From the moment she started looking at colleges, Jasmyn Smith has had her eyes set on dental school.
It was the Dental College of Georgia that initially drew the Lilburn, Georgia, native to Augusta University, but it was the Hull College of Business and the numerous student organizations that she is a part of that have provided her with the opportunity to find her voice.
Smith is graduating from Hull College of Business with a Bachelor of Business Administration degree, which might not sound like a traditional path into a health care field to some, but she saw a unique opportunity that will allow her to give back once she achieves her goal of becoming a dentist.
“I plan to utilize the knowledge gained from my BBA to open a dental practice. My dream is to create a non-profit clinic to treat underserved and homeless populations,” she said. “Volunteering at Golden Harvest Food Bank’s Master’s Table Soup Kitchen inspired my vision, and I hope to partner with them in the future to accomplish this.”
Smith said one of the greatest benefits of Hull College was the amount of support it receives from the community. She said the experiences she had from Augusta commissioners, local entrepreneurs and other business leaders visiting her classes to share their experiences and insight informed her and her classmates of job and networking opportunities.
She is also grateful to the alumni who have invested in Hull by providing generous funding for student scholarships and activities.
“I’m extremely grateful for being able to come here for undergrad,” Smith said. “I’ve had amazing professors who not only challenged me academically, but who wanted me to succeed personally too. Although I am nervous for this next phase of my life, I don’t think I would have been as prepared anywhere else.”
When she arrived at AU, she became involved with Women’s Leadership Academy, which is where she learned to speak up and communicate effectively. She said the opportunities she experienced gave her the confidence to pursue her degree and get her on the path to dentistry.
During her undergraduate studies, Smith has served as the president of AU’s Pre-Dental Club, a student ambassador in the Student Alumni Ambassadors (formerly Lumin Society), an intern at the University of Alabama at Birmingham’s School of Dentistry and an intern at Paine College. Smith has been awarded nine AU scholarships, including the Bill Monge, William T. Maxwell and the Automatic Data Processing Scholarships.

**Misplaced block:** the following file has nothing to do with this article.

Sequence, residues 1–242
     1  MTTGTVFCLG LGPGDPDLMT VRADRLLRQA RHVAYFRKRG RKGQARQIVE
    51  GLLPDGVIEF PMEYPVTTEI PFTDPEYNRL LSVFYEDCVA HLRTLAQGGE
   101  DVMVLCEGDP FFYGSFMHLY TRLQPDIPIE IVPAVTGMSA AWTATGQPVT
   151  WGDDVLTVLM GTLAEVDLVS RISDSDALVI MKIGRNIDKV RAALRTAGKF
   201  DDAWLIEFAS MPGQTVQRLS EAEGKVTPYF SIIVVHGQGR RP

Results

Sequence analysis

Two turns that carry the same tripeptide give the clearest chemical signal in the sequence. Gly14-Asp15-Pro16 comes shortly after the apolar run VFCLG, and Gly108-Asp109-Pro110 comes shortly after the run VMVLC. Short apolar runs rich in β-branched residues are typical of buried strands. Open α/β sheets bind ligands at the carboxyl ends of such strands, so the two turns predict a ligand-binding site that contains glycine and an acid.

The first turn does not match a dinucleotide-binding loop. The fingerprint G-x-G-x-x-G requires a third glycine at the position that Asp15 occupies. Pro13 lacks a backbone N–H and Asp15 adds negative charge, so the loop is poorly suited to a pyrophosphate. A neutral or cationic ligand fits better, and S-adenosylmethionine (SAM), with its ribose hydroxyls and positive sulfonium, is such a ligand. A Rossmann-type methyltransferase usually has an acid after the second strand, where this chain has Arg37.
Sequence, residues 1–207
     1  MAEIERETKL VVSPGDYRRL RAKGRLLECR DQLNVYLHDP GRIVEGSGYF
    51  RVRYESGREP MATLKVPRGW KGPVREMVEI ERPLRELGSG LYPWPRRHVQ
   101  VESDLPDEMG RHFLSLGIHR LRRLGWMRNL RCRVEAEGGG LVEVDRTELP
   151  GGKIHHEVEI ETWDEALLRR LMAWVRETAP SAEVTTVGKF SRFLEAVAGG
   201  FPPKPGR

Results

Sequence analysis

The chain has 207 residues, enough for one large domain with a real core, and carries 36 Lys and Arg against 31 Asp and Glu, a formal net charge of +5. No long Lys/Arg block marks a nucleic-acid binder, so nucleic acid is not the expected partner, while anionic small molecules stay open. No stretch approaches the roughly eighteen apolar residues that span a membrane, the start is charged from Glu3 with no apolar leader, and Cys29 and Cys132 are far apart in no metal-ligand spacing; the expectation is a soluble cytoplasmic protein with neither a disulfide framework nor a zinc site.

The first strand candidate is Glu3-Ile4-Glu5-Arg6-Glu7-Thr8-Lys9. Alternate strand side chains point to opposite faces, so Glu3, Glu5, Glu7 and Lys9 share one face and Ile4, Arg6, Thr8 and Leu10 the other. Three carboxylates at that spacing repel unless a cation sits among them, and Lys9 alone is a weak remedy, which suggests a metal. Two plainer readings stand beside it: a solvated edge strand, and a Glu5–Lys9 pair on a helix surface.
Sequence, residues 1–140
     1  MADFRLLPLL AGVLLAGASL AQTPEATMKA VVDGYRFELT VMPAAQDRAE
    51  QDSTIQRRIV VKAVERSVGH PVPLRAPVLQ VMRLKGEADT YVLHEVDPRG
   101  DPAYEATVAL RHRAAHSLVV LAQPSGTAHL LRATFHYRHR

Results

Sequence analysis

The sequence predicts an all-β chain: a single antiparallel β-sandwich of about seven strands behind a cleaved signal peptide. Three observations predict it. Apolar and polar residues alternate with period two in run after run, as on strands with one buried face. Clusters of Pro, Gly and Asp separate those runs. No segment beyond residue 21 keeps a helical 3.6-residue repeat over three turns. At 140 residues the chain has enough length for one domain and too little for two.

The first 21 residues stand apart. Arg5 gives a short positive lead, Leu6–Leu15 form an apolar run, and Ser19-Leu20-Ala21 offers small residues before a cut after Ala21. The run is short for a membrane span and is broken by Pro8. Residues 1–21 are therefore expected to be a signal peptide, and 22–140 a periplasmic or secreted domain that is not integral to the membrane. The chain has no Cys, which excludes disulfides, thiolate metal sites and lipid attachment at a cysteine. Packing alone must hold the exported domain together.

“This is my third year serving as a peer mentor for the Women’s Leadership Academy. It’s been incredibly fulfilling to give back to a program that taught me so much,” said Smith, who credits Melissa Furman, DBA, with her getting involved with the academy.
As Smith began navigating the curriculum within Hull, she formed a strong bond with lecturer Stacy Roberts, DBA, who over time became her mentor. It was Roberts who helped Smith “unleash my power from within,” allowing her to realize that she is more influential than she gave herself credit for.
Roberts said what impressed her most about Smith when they first met was how she wasn’t afraid to speak her mind and her willingness to stand up for what she believes in, as well as being an excellent student.
“Jasmyn is one of the most powerful young women I have ever met. I love her boldness, clarity of thought, and tenacity for life,” Roberts said. “She goes against the norm and that has led to her success. She also has a big heart and integrity, which are beautiful characteristics for anyone to have. I will truly miss her when she graduates.”
The interaction with Roberts also gave Smith something she hadn’t experienced much: a female authority figure of color in a leadership role. Roberts told her no one but herself dictates what she will become, and one must express their opinion while standing up for oneself. The confidence Smith gained from those conversations helped her discover a voice she never knew she had.
“I’ve taken a total of five classes from Dr. Roberts; with each one, I’ve learned something new. She brings practical and real-life applications into the classroom, and she isn’t just reading from a textbook,” Smith said. “She shows us working examples through games and with how interactive her classes are. It doesn’t feel like you’re sitting in a traditional classroom.”
Roberts said Smith has “some of the best work ethic and follow-through I have ever witnessed with my students.” She noted her professionalism in and out of the classroom and a character that’s willing to learn, but also be a team-player while guiding others. Roberts also noted that when she took on a leadership role with the Women’s Leadership Academy, she went to Smith with questions that she had answers for, which she gave “great feedback in a respectful manner.”
“Jasmyn is great about asking me questions and for guidance on things that are important to her. She has great judgement but will always bounce things off me if she needs to.”
Roberts’ advice to Smith as she moves forward with her education was simple: “Never lose your boldness, stay focused and know I am always here for you.”
With her eyes set on becoming a dentist, Smith has completed her prerequisites. She scored in the 96th percentile on the Dental Admissions Test (DAT) and will find out the day after graduation whether she has been accepted into dental school.
Smith knows entering a field where there aren’t many people that look like her will be intimidating at first, but she’s looking forward to representing and being a face for her community.
“I’m continually fascinated by how it contributes to one’s overall health and quality of life,” Smith said. “It’s something very crucial that people need to regularly receive care for. The smile that patients receive as a result of their dental experiences is a reward no other profession is able to offer.”